Precocious five: a little Auden at Lent

by Kim on February 19, 2010

His thoughts pottered
from verses to sex to God
without punctuation.

He woke in the small hours,
dismayed by a wilderness
of hostile thoughts.

Few can remember
clearly when innocence came
to a sudden end,
the moment at which we ask
for the first time: Am I loved?

Passing Beauty
still delights him, but he no longer
has to turn around.

Thoughts of his own death,
like the distant roll
of thunder at a picnic.

From Marginalia

{ 3 comments… read them below or add one }


Pam 02.23.10 at 5:02 am

It is difficult
to get the news from poems
yet men die miserably every day
for lack
of what is found there.
William Carlos Williams


Kim 02.23.10 at 4:44 pm

Yeah, Pam, that’s a great WCW quote. Thanks!

One of the things that is so impressive about Auden, however, GREAT poet that he is, is his modesty about what poetry can - and can’t - do. For example, he thought that the liturgy can change people in a way that poetry never can. Or his reflection:

it’s as well at times
To be reminded that nothing is lovely,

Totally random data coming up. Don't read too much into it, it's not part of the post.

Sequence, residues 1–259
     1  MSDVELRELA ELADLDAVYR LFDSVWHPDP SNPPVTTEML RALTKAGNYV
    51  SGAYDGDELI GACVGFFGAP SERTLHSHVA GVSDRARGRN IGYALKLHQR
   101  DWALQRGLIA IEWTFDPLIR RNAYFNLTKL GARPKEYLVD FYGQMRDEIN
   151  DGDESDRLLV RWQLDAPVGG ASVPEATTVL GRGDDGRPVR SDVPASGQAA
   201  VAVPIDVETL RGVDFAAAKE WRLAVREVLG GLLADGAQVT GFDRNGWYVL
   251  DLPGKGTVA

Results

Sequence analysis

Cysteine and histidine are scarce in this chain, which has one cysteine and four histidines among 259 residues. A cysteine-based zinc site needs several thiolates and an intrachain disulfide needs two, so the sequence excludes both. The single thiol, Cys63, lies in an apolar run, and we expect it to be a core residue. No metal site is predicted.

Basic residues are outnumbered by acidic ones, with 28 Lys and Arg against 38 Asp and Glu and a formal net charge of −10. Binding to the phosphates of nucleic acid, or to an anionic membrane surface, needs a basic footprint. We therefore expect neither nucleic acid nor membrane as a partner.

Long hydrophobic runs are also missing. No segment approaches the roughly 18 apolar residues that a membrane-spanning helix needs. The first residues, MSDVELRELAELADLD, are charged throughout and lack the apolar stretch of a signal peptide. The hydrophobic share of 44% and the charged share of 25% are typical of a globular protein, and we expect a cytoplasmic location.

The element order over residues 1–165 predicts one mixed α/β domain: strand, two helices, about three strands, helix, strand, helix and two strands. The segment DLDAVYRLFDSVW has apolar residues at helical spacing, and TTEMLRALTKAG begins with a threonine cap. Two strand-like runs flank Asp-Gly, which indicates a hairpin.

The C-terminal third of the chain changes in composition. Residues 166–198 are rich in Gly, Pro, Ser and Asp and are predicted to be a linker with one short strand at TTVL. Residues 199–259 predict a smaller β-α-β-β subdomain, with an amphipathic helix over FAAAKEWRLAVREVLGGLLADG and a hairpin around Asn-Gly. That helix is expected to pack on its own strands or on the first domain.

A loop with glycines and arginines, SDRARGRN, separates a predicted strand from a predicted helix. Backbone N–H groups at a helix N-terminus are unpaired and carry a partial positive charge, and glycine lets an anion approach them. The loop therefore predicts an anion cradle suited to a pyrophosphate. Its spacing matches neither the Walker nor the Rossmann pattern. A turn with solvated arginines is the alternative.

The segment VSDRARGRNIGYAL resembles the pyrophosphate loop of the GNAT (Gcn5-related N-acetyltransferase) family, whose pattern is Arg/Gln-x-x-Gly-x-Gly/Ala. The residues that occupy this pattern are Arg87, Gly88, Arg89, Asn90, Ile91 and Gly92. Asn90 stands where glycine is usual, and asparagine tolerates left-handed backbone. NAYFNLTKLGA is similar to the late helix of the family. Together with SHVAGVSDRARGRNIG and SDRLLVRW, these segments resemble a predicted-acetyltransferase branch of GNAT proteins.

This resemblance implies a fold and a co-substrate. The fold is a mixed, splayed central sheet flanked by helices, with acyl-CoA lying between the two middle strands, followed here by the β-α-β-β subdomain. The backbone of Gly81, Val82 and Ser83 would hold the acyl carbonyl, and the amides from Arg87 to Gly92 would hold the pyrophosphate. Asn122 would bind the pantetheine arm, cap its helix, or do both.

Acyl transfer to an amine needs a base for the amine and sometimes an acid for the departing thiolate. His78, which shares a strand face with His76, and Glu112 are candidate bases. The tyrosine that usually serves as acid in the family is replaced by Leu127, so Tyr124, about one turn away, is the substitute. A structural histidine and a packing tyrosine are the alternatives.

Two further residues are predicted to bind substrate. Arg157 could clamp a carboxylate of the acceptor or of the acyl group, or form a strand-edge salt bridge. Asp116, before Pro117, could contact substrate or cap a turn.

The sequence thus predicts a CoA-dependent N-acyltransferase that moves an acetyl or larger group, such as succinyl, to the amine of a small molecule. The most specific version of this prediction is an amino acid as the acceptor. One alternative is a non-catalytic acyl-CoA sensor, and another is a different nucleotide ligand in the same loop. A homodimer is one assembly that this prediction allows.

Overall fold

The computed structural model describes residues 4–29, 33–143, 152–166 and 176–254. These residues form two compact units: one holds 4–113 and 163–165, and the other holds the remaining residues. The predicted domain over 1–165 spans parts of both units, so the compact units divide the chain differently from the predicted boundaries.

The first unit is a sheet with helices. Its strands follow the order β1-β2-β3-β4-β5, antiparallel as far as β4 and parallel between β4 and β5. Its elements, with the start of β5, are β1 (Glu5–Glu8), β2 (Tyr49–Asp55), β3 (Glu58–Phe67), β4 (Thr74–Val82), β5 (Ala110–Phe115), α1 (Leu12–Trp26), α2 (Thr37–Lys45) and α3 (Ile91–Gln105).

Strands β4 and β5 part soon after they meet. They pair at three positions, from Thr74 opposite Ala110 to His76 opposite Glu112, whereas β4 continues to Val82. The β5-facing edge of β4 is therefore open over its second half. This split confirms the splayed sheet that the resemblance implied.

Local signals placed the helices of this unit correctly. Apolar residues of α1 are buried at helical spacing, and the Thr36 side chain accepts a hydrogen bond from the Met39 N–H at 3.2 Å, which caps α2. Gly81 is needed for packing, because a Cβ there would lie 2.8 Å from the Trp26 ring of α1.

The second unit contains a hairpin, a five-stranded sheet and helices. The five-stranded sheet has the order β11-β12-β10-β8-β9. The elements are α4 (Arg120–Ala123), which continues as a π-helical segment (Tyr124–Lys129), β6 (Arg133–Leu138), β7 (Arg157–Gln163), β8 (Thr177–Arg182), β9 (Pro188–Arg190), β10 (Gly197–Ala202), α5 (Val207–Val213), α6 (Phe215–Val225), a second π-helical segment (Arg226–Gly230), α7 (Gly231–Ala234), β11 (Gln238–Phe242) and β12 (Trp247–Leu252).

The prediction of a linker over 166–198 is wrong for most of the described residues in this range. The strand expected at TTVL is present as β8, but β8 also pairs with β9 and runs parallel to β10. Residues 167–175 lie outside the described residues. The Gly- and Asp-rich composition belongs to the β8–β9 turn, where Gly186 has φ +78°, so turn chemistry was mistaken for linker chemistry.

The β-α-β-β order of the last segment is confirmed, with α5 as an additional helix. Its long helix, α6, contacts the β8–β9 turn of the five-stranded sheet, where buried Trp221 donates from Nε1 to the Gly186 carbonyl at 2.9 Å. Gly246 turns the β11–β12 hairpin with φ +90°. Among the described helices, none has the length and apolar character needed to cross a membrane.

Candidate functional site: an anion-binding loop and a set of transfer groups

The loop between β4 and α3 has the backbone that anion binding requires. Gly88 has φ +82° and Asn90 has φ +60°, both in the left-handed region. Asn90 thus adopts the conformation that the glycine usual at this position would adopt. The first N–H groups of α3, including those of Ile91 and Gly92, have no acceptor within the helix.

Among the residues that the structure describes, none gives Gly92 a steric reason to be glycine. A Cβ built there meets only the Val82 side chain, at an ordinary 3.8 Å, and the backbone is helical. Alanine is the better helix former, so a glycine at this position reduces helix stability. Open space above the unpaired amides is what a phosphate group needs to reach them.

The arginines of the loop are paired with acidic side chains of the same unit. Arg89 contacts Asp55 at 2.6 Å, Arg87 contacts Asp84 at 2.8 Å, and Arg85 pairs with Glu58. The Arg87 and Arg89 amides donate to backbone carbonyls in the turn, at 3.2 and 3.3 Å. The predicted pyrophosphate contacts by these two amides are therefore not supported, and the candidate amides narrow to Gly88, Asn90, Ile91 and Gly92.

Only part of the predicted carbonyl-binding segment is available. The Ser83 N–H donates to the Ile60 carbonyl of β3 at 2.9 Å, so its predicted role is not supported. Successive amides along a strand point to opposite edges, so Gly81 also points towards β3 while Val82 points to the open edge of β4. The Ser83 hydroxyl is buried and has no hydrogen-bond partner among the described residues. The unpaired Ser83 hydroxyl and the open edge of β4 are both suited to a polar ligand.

Not even in poetry, which is not the case.

Nevertheless, as Alan Jacobs suggests, Auden gave to good poetry “a genuine and important role, as it points beyond itself in a strangely mute witness to that which it is unable definitively to speak.” Perhaps like good theology?


Pam 02.23.10 at 9:36 pm

Thanks, Kim. The best description that I’ve read about poetry recently was by Australian poet Robert Gray : “the payload of poetry is emotion. Poetry enters the reader through the mind; but then, if it’s any good, it drops down to the body. A good poem elicits a bodily response…poetry is a form of art, of course, and the purpose of art is the education of the senses.”
Good theology does much more than that.

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